Covering the themes of Tech for Good + Gender-Based Violence, for Tech for Good TV, I chatted with ElsaMarie D’Silva, the founder and managing director of Safecity, a non-profit organisation providing an online platform and grassroot workshops for people to share their personal stories of sexual harassment and abuse in public spaces in India
WITH over 8,000 open source online recordings, Safecity has been documenting India’s issue of sexual harassment and violence for the past three years. Ranging from reports of catcalls to incidents of sexual assault and rape, the platform has helped women and girls to speak out, spotlighting the spectrum of abuse taking place in public areas which had previously gone unreported.
Motivated in part by the gang rape and death of Jyoti Singh Pandey in Delhi in 2012, the desire to raise awareness of the India’s culture of gender-based violence spurred Mumbai-based ElsaMarie D’Silva to switch from a career in aviation to the founding of data-driven Safecity.
While admitting the figures to date are “just a drop in the ocean” against the true number of incidents, Elsa says, “Many women cannot identify what makes up these crimes, which in itself is very limiting as they don’t realise their right to make a complaint.”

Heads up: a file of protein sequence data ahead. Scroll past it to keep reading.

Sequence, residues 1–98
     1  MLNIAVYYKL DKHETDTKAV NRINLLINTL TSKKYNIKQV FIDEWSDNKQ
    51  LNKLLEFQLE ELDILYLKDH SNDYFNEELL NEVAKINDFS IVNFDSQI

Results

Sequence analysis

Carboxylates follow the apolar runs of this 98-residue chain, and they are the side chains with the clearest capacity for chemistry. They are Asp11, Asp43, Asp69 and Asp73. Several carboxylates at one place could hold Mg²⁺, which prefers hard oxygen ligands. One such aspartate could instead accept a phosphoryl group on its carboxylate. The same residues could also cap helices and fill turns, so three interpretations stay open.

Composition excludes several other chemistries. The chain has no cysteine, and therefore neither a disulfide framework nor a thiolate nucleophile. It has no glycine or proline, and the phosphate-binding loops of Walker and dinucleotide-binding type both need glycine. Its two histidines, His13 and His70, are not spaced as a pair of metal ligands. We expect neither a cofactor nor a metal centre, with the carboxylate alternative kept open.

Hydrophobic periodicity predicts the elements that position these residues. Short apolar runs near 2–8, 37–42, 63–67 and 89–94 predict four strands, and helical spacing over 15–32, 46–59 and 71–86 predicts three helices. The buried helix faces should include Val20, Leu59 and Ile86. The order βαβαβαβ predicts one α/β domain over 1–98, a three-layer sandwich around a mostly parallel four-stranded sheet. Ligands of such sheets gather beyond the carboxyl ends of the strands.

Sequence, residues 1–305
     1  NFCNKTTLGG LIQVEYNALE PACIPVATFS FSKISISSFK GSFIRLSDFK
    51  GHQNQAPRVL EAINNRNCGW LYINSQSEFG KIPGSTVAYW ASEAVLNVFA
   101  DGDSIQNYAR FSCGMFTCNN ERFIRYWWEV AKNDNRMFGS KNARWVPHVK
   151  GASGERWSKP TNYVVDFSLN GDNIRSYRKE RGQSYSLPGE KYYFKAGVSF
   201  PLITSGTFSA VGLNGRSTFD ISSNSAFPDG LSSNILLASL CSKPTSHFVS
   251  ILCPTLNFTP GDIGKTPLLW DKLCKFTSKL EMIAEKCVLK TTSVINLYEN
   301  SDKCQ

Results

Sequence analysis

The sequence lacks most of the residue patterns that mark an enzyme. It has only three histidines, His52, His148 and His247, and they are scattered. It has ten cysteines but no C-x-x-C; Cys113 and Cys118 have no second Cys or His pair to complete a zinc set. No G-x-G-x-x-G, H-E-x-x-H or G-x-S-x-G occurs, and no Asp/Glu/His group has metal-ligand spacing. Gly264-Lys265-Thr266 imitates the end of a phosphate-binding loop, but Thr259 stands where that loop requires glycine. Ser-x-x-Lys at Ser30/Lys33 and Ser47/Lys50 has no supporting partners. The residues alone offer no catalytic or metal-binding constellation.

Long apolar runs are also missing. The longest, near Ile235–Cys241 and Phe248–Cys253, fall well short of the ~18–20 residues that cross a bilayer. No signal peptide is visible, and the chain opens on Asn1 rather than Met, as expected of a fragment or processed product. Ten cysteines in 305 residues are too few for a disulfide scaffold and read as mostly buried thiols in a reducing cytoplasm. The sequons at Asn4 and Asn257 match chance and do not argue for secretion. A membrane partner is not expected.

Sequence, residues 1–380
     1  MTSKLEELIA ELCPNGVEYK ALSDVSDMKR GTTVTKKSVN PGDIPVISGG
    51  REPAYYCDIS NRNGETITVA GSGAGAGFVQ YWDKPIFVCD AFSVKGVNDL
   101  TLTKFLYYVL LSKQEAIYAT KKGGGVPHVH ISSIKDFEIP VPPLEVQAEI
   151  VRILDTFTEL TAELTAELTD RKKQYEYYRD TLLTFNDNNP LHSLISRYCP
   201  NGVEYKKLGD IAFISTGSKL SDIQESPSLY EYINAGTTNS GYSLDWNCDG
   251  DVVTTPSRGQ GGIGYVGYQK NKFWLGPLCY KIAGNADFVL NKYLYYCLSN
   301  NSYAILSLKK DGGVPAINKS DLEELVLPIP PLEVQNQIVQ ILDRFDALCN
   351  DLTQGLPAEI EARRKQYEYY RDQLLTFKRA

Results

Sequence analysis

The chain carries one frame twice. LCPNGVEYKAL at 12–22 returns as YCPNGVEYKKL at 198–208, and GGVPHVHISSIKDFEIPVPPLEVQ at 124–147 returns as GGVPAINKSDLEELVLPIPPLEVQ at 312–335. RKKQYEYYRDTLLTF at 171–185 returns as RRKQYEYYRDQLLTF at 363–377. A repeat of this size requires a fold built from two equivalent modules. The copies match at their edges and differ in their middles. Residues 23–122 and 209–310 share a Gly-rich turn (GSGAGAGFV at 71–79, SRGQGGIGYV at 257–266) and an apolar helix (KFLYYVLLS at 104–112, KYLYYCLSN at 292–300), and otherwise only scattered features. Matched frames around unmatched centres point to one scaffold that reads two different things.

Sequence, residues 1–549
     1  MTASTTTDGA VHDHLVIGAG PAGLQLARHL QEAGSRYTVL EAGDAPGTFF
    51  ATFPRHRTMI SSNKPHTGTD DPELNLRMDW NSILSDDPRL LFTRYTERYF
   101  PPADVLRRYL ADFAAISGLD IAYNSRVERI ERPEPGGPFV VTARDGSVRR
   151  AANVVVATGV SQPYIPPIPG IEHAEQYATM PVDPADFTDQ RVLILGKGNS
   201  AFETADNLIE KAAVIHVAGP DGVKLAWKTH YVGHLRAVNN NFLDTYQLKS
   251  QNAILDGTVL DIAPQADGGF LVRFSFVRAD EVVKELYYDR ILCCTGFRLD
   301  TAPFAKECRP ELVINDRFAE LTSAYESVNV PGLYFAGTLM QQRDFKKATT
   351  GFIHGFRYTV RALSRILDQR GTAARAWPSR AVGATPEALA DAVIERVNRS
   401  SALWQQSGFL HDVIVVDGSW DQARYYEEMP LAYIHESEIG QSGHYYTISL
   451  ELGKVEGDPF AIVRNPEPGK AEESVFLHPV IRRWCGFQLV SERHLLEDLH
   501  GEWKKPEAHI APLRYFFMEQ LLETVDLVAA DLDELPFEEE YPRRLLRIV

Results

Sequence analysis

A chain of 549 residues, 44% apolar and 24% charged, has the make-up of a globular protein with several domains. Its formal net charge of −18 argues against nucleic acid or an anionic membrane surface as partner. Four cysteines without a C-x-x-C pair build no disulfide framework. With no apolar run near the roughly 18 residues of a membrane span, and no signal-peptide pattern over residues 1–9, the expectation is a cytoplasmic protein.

“Even when the knowledge is there, many women refuse to do so for fear of bringing shame on their families or dealing with the police and the lengthy official justice process, though in India there are laws that make sexual harassment a crime.”
Victims can share their experiences anonymously on Safecity, encouraging confidence in more to come forward and break their silence. Despite the stigma around making complaints to the authorities, Safecity has made a direct impact at grassroot level, as Elsa explains, “In communities we partner with organisations where we undertake six month campaigns which involve a whole series of awareness involving NGOs, community members and stakeholders.”
“We go through the whole cycle of mobilising the community around the data collection that indicates clear trends. From there we pinpoint factors and the solutions and hold certain bodies accountable.”
Safecity has shown how data can be used at grassroots, where in partnerships with several NGOs it has been used to influence the police to change street patrol timings and municipal authorities to fix street lighting or ensure public toilets are available and safe.
In helping to shift the blame from the victim to the perpetrator, Elsa adds, “The data is powerful in providing trends to enforce change as previously reports would be taken on a case by case basis, making it easier to question the woman, asking her what she doing out at that time, or what she was wearing etcetera. We also use the data in schools to educate around the safety of children.
Using the Twitter handle @PintheCreep, Safecity has volunteers who act as account curators on a weekly basis, representing the platform while sharing their experiences. Among these has been a Supreme Court lawyer, urban planners, transportation specialists, entrepreneurs, housewives and students covering themes of gender equality and violence from their perspectives.